Have you tried new the Independent Digital Edition apps?
Caption competition
Caption competition
Latest stories from i100
Daily Quiz
Independent Dating

By clicking 'Search' you
are agreeing to our
Terms of Use.

Career Services
iJobs Job Widget
iJobs General

Recruitment Genius: Sales Executive - OTE £35,000

£18000 - £23000 per annum: Recruitment Genius: A Sales Executive is required t...

SThree: Trainee Recruitment Consultant

£20000 - £25000 per annum + competitive: SThree: £20000 - £25000 per annum + c...

Recruitment Genius: Project Coordinator

£25000 - £30000 per annum: Recruitment Genius: This company provides a number ...

Recruitment Genius: Graduate Sales Consultant - OTE £45,000

£15000 - £45000 per annum: Recruitment Genius: Do you want to work for an exci...

Day In a Page

Solved after 200 years: the mysterious deaths of 3,000 soldiers from Napoleon's army

Solved after 200 years

The mysterious deaths of 3,000 soldiers from Napoleon's army
Every regional power has betrayed the Kurds so Turkish bombing is no surprise

Robert Fisk on the Turkey conflict

Every regional power has betrayed the Kurds so Turkish bombing is no surprise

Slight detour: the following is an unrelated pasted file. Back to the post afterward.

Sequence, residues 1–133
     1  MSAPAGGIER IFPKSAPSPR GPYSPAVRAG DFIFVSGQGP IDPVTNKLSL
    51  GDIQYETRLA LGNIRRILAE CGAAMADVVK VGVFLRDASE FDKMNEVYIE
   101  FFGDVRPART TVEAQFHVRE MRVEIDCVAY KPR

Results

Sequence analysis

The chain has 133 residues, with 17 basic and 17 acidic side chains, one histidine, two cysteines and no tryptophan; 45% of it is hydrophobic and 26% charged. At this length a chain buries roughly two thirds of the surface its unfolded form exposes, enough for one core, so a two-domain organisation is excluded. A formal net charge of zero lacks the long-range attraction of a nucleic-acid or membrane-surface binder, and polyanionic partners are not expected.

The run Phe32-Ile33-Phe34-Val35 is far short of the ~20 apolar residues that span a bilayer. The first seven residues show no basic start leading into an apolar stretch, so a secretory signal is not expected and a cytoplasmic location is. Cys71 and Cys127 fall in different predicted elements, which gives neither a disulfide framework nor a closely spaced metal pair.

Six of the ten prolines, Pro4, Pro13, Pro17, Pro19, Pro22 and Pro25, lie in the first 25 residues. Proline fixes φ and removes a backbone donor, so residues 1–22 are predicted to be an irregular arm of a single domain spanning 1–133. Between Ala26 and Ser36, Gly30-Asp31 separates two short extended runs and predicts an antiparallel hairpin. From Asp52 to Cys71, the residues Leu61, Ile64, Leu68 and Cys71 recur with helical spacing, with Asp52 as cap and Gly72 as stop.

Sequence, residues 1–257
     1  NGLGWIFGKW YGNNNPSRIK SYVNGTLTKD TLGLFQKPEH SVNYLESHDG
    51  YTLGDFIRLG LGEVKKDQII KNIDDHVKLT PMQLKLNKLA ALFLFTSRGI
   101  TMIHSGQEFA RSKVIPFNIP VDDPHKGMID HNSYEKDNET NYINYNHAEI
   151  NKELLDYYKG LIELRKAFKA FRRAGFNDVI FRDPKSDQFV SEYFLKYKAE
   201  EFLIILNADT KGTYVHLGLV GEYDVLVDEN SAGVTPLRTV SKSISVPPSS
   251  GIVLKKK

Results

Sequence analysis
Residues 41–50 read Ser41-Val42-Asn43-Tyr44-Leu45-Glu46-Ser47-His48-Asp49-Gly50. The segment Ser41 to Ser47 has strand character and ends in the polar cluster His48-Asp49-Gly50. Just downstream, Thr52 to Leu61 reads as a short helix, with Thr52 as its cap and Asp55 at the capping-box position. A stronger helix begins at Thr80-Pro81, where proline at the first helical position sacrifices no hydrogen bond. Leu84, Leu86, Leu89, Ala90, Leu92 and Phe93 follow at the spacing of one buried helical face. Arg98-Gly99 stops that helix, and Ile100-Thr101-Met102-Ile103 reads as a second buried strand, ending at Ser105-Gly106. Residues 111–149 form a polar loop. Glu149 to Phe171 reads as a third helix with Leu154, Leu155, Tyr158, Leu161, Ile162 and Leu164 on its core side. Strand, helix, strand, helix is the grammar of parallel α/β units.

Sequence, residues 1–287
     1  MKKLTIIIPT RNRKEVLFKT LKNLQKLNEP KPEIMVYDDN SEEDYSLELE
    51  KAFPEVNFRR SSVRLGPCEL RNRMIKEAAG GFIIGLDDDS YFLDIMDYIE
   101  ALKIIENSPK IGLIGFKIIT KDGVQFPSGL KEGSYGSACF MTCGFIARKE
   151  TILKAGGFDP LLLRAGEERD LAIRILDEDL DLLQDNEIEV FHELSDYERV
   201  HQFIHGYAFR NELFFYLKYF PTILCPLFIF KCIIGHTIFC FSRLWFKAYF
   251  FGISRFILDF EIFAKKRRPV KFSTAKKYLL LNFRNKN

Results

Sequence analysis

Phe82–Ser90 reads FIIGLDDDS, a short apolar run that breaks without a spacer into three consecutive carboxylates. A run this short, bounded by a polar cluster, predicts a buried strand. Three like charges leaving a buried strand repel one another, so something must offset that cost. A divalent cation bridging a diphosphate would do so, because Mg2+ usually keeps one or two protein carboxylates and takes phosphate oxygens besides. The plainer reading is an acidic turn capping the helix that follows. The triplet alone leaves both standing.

Investigation into wreck of unidentified submarine found off the coast of Sweden

Sunken sub

Investigation underway into wreck of an unidentified submarine found off the coast of Sweden
Instagram and Facebook have 'totally changed' the way people buy clothes

Age of the selfie

Instagram and Facebook have 'totally changed' the way people buy clothes
Not so square: How BBC's Bloomsbury saga is sexing up the period drama

Not so square

How Virginia Woolf saga is sexing up the BBC period drama
Rio Olympics 2016: The seven teenagers still carrying a torch for our Games hopes

Still carrying the torch

The seven teenagers given our Olympic hopes
The West likes to think that 'civilisation' will defeat Isis, but history suggests otherwise

The West likes to think that 'civilisation' will defeat Isis...

...but history suggests otherwise
The bald truth: How one author's thinning hair made him a Wayne Rooney sympathiser

The bald truth

How thinning hair made me a Wayne Rooney sympathiser
Froome wins second Tour de France after triumphant ride into Paris with Team Sky

Tour de France 2015

Froome rides into Paris to win historic second Tour
Fifteen years ago, Concorde crashed, and a dream died. Today, the desire to travel faster than the speed of sound is growing once again

A new beginning for supersonic flight?

Concorde's successors are in the works 15 years on from the Paris crash
I would never quit Labour, says Liz Kendall

I would never quit party, says Liz Kendall

Latest on the Labour leadership contest
Froome seals second Tour de France victory

Never mind Pinot, it’s bubbly for Froome

Second Tour de France victory all but sealed
Oh really? How the 'lowest form of wit' makes people brighter and more creative

The uses of sarcasm

'Lowest form of wit' actually makes people brighter and more creative
A magazine editor with no vanity, and lots of flair

No vanity, but lots of flair

A tribute to the magazine editor Ingrid Sischy
Foraging: How the British rediscovered their taste for chasing after wild food

In praise of foraging

How the British rediscovered their taste for wild food